The main takeaway here is that short-term oriented people should not be reporting under long-term oriented people.
You have to structure things so that the producers who are thinking about short-term revenue are not reporting under people thinking about long-term revenue.
As an example, your sales team shouldn’t be reporting under the branding manager.
Kris says that the biggest thing she’s learning is how to map out 1 year ahead. In terms of clear roles, responsibilities, KPIs, and more. Now, for every new hire, Kris is considering having new employees take PSIU assessment and a Clifton Strengths assessment.
Deividas then tells the story of a company they’re equity partners with signing an $11M contract deal for a warehouse manufacturing facility. The company wanted to innovate with their product at a fast rate and didn’t want to use any 3rd party manufacturing. So, they fired their entire production team, because the team that got them to $30M couldn’t keep up with their growth.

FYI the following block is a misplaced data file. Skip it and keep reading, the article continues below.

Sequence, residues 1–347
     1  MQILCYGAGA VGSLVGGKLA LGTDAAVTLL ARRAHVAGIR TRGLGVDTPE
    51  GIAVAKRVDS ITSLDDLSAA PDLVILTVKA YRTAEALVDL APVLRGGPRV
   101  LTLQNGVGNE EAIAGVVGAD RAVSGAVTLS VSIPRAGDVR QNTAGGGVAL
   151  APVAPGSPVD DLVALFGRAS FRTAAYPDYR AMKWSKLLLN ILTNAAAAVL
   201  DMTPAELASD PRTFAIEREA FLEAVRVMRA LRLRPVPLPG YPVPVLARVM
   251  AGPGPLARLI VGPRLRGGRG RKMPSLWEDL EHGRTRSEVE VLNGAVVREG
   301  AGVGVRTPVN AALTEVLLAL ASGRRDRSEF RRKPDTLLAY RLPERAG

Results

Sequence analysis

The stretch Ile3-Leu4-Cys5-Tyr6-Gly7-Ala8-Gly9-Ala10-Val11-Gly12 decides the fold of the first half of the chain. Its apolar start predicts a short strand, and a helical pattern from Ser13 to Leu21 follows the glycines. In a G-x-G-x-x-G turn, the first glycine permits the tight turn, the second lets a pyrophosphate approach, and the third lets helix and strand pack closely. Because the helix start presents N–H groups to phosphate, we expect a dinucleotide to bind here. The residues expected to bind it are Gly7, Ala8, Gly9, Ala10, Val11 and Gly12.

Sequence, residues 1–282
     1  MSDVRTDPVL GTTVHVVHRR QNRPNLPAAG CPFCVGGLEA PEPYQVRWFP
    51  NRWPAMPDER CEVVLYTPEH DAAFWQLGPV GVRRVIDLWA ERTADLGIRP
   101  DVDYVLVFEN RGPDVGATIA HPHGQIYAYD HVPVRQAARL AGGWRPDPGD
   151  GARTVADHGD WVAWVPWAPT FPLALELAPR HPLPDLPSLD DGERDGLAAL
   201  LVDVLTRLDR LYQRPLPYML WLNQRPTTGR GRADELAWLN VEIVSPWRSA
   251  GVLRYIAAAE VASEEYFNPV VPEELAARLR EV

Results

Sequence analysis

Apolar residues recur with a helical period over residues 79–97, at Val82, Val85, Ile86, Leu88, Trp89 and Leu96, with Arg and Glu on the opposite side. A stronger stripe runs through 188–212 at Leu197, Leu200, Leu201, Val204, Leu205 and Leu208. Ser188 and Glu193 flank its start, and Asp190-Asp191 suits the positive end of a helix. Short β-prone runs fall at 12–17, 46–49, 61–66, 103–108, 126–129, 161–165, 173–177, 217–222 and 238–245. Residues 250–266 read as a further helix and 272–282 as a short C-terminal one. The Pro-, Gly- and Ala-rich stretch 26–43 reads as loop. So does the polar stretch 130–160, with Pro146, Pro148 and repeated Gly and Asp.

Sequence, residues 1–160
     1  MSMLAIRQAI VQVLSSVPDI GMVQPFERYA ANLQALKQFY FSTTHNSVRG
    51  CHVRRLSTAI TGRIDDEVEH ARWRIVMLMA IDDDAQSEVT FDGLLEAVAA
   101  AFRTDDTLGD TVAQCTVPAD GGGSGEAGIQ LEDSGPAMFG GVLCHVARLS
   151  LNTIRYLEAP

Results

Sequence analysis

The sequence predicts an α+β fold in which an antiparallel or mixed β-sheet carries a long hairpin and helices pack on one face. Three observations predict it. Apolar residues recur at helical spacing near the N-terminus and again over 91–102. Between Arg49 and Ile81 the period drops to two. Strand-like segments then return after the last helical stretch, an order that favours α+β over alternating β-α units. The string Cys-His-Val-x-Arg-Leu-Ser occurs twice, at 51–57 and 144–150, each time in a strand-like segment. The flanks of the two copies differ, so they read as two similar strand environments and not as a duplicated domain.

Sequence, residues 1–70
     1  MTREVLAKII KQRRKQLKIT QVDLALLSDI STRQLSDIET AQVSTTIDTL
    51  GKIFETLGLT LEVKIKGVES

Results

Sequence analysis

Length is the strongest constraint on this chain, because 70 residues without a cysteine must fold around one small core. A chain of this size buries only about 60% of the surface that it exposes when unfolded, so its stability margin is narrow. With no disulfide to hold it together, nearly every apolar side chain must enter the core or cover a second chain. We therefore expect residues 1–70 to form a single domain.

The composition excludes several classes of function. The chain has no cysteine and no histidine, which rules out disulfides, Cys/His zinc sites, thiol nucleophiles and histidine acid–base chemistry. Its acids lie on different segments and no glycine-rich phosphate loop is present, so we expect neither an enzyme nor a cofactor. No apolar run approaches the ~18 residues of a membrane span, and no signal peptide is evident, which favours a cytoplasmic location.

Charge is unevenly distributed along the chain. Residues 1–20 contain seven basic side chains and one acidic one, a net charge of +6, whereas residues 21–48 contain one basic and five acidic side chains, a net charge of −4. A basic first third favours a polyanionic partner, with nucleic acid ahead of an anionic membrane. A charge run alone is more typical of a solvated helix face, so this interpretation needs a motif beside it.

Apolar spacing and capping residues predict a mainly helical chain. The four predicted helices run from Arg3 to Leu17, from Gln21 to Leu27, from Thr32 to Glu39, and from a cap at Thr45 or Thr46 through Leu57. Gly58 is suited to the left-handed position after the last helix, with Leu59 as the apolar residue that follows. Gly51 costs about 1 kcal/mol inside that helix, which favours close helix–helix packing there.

Lessons learned: Companies can outgrow people.
Kris says that there are very different types of brains that can find a problem and have very different ways of approaching it.
As an example, let’s say you have a team of 6 people who are competing to win a rowing race.
The producer would be thinking about how to row the fastest, the stabilizer would create a process for efficiency between all team members, the innovator would come up with new ideas, and the unifier would first make sure all the 6 team members feel good about it.
It’s a skill, says Kris. Like the classic saying goes, you jump off a cliff and build a plane on the way down.